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APMA 2470, APMA 2480. Topics in Fluid Dynamics
Initial review of topics selected from flow stability, turbulence, turbulent mixing, surface tension effects, and thermal convection. Followed by focused attention on the dynamics of dispersed two-phase flow and complex fluids.

      and , only one of these two courses, not both, may be counted toward a major in Statistics.

Overview and introduction to dynamical systems. Local and global theory of maps. Attractors and limit sets. Lyapunov exponents and dimensions. Fractals: definition and examples. Lorentz attractor, Hamiltonian systems, homoclinic orbits and Smale horseshoe orbits. Chaos in finite dimensions and in PDEs. Can be used to fulfill the senior seminar requirement in applied mathematics. Prerequisites: Differential equations and linear algebra.

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This course is concerned with the analysis of nonlinear dynamical systems arising in the context of mathematical modeling. The focus is on qualitative analysis of solutions as trajectories in phase space, including the role of invariant manifolds as organizers of behavior. Local and global bifurcations, which occur as system parameters change, will be highlighted, along with other dimension reduction methods that arise when there is a natural time-scale separation. Concepts of bi-stability, spontaneous oscillations, and chaotic dynamics will be explored through investigation of conceptual mathematical models arising in the physical and biological sciences.

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APMA 2811G. Topics in Averaging and Metastability with Applications
Topics that will be covered include: the averaging principle for stochastic dynamical systems and in particular for Hamiltonian systems; metastability and stochastic resonance. We will also discuss applications in class and in homework problems. In particular we will consider metastability issues arising in chemistry and biology, e.g. in the dynamical behavior of proteins. The course will be largely self contained, but a course in graduate probability theory and/or stochastic calculus will definitely help.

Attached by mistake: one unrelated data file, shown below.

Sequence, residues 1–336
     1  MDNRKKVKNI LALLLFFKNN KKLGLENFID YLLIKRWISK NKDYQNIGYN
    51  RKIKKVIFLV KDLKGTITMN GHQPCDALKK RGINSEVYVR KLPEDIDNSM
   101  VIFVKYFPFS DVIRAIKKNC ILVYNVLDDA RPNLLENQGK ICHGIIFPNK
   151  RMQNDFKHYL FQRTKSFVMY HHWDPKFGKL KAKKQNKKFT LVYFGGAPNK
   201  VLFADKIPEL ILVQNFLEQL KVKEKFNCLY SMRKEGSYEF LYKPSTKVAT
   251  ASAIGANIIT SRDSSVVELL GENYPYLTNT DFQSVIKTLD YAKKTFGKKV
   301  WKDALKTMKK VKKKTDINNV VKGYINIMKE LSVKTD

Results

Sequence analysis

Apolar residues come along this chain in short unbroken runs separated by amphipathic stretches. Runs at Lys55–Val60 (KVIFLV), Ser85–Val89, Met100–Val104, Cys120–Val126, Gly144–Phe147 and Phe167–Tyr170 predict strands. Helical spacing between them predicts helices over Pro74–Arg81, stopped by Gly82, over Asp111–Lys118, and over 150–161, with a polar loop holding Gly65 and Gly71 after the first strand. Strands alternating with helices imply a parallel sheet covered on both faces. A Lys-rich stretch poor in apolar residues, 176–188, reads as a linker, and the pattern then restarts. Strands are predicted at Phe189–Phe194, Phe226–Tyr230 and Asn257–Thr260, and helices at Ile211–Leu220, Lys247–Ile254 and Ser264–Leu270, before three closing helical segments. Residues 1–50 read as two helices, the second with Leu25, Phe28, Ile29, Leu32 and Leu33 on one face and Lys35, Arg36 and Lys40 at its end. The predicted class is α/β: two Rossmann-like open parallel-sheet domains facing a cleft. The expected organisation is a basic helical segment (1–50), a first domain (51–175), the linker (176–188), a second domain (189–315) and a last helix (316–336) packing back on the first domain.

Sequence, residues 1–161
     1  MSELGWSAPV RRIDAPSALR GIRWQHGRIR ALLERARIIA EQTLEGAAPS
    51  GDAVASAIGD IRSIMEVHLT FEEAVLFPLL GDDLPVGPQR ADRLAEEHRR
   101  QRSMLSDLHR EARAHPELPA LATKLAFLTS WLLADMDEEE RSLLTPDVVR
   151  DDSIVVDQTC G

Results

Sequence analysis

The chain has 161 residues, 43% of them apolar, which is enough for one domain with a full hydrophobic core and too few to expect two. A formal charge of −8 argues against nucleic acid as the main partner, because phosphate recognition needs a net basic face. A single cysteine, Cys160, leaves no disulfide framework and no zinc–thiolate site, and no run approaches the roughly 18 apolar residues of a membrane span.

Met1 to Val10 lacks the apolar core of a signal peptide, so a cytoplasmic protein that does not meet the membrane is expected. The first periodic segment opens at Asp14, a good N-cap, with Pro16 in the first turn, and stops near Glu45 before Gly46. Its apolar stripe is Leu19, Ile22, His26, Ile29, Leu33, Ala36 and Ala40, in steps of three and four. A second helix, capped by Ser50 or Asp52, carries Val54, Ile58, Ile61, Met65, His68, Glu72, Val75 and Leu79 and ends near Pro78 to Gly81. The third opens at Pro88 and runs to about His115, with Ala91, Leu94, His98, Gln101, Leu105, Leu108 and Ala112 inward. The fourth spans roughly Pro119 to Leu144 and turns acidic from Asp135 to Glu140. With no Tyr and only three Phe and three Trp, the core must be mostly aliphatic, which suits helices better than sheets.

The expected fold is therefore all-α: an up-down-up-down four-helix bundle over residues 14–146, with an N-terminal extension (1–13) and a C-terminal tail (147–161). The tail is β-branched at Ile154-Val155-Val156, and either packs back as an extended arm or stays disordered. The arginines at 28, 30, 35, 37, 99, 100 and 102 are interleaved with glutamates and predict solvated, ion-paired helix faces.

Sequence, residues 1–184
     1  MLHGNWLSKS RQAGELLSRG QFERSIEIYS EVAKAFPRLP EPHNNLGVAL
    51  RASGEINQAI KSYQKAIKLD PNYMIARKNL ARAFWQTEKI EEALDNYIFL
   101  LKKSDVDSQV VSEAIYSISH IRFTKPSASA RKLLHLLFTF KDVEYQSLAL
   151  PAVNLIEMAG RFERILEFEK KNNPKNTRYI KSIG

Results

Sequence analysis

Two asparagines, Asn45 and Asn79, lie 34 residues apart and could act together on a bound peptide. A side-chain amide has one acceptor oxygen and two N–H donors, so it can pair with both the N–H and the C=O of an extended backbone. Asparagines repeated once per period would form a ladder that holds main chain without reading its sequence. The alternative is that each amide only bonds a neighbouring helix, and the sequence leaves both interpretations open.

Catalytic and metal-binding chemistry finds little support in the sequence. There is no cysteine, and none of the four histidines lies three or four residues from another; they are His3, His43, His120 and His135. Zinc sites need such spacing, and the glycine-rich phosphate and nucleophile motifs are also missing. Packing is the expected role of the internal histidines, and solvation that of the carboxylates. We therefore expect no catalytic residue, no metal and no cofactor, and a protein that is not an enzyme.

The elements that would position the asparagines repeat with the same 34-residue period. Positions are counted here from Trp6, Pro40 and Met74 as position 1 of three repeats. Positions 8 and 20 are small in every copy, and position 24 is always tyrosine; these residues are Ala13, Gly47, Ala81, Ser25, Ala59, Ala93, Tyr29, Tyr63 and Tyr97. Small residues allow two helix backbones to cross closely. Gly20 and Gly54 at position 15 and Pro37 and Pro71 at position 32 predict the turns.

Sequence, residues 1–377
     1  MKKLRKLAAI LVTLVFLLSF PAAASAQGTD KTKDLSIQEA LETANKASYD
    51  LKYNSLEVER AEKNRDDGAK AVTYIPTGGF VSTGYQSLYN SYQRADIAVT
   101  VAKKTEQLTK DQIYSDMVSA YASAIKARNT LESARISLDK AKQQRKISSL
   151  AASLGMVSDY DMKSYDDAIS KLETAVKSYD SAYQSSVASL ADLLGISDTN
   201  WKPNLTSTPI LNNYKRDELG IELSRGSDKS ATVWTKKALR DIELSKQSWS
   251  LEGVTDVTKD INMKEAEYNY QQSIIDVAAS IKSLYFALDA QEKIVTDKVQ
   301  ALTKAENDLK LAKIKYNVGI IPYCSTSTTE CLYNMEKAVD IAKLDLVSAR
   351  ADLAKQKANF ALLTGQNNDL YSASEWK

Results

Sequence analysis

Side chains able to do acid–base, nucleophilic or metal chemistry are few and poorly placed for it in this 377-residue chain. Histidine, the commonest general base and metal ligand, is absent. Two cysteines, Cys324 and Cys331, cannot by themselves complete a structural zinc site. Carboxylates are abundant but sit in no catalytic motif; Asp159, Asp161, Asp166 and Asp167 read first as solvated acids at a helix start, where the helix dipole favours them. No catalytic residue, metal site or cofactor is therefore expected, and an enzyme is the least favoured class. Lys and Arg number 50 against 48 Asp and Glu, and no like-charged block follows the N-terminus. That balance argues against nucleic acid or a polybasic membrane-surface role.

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APMA 2811A. Directed Methods in Control and System Theory. Various general techniques have been developed for control and system problems. Many of the methods are indirect. For example, control problems are reduced to a problem involving a differential equation (such as the partial differential equation of Dynamic Programming) or to a system of differential equations (such as the canonical system of the Maximum Principle). Since these indirect methods are not always effective alternative approaches are necessary. In particular, direct methods are of interest. We deal with two general classes, namely: 1.) Integration Methods; and, 2.) Representation Methods. Integration methods deal with the integration of function space differential equations. Perhaps the most familiar is the so-called Gradient Method or curve of steepest descent approach. Representation methods utilize approximation in function spaces and include both deterministic and stochastic finite element methods. Our concentration will be on the theoretical development and less on specific numerical procedures. The material on representation methods for Levy processes is new.

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APMA 2810Y. Discrete high-D Inferences in Genomics
Genomics is revolutionizing biology and biomedicine and generated a mass of clearly relevant high-D data along with many important high-D discreet inference problems. Topics: special characteristics of discrete high-D inference including Bayesian posterior inference; point estimation; interval estimation; hypothesis tests; model selection; and statistical decision theory.

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APMA 2810X. Introduction to the Theory of Large Deviations
The theory of large deviations attempts to estimate the probability of rare events and identify the most likely way they happen. The course will begin with a review of the general framework, standard techniques (change-of-measure, subadditivity, etc.), and elementary examples (e.g., Sanov's and Cramer's Theorems). We then will cover large deviations for diffusion processes and the Wentsel-Freidlin theory. The last part of the course will be one or two related topics, possibly drawn from (but not limited to) risk-sensitive control; weak convergence methods; Hamilton-Jacobi-Bellman equations; Monte Carlo methods. Prerequisites: APMA 2630 and 2640.